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Crystal Bridges to add new venue

Crystal Bridges Museum of American Art in Bentonville is opening a new exhibit with a focus on current visual and performing arts.5 copy

The Innovative Arts Venue will be stationed in downtown Bentonville and will “anchor downtown Bentonville’s Market District, brin

ging together a diverse range of artists to experiment and connect with one another and the community,” according to the Museum.

The venue, opening in 2018, will occupy a discontinued Kraft foods plant, which went out of use in 2012. The industrial space—a dramtic departure from the elegant wood and curves of the museum—has been in use since the 1940s, and boasts 63,000 square feet.

The new venue’s focus is primarily on contemporary art.

“While the museum features five centuries of American art, this new space will focus on today’s arts, artists and the innovations of our time,” Rod Bigelow, Executive Director of Crystal Bridges, said about the venue. “It will provide a new venue for creativity and experimentation, as well as direct access to artists and their work.”

This venue does not mark Crystal Bridges’ first foray into the contemporary art industry. Last year, Crystal Bridges held an exhibition called State of the Art: Discovering American Art Now. The exhibition featured contemporary art from 102 different artists across the country.

Beth Bobbitt, media relations manager for Crystal Bridges, said State of the Art helped to provide inspiration for the new venue. “It started in curation for State of the Art. The connections made with the artists and the art of our time was made during that curation. This venue allows us to do that, to exhibit and interpret the art being made today,” Bobbitt said.

The venue will focus on contemporary art and artists, to tell the story of modern America. “It’s important to the story of what’s happening today, and this is work that’s being made in communities around us, questioning topics and issues that are relevant to everyone,” Bobbitt said.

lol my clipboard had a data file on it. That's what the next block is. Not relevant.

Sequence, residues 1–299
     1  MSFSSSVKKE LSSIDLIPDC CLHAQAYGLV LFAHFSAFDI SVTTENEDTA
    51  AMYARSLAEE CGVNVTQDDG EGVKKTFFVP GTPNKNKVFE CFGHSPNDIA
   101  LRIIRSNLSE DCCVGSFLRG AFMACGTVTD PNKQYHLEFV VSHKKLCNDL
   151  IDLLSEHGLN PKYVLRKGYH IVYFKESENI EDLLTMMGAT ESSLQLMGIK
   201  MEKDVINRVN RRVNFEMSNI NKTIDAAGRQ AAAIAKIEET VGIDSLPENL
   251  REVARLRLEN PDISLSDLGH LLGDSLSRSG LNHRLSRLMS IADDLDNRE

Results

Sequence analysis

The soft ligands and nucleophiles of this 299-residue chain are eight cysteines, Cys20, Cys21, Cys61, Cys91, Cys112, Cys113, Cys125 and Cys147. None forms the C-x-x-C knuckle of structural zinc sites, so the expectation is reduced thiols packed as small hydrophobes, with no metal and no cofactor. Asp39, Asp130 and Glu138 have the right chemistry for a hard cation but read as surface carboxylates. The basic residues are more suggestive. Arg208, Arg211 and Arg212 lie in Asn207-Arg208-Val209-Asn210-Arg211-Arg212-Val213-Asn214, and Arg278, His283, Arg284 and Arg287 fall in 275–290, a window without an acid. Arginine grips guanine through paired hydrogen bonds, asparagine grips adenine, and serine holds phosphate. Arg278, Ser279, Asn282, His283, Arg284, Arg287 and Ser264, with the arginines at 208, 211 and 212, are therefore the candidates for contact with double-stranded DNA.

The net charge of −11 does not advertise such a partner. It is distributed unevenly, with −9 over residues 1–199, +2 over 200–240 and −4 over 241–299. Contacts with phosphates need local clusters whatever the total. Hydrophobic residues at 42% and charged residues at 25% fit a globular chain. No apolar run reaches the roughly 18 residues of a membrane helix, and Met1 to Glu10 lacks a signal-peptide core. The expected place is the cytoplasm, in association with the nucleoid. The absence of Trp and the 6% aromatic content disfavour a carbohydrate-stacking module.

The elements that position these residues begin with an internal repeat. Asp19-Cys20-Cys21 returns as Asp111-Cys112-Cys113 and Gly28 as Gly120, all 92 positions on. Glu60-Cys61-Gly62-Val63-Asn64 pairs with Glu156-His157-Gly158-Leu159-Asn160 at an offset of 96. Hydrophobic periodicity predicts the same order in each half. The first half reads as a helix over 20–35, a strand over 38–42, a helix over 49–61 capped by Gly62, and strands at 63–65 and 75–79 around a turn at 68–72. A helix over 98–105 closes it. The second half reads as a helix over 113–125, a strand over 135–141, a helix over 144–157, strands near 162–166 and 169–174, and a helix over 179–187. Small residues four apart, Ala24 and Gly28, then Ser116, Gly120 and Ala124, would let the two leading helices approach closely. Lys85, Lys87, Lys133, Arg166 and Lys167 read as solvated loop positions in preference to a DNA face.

Bobbitt explained the importance of the surrounding community in building the Innovative Arts Venue. “We want the community to directly engage and birth new dialogue and experiences through the venue,” she said.

“This is an opportunity to the process of art unfolding, so it will have a direct impact on people who may not already have a baseline to understand contemporary art. We have plans for a more sophisticated education program. We have an artist-in-residence program in the works, and that will give artists an opportunity to exhibit their work in a space for up to six weeks,” Bobbitt said.

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Amber Roderick, a senior art and illustration major and a college ambassador working with Crystal Bridges, spoke on the museum’s direct work with the community of Northwest Arkansas. “What we’re trying to do at Crystal Bridges is to encourage college students, the museum, and local artists to cooperate with one another to build an artistic culture.”

“The museum really wants to see towns grow, and creative people do a good job of that. Creative people have different ideas for what could make a town more exciting and engaging. Not even necessarily an art culture, but making connections with one another,” Roderick said.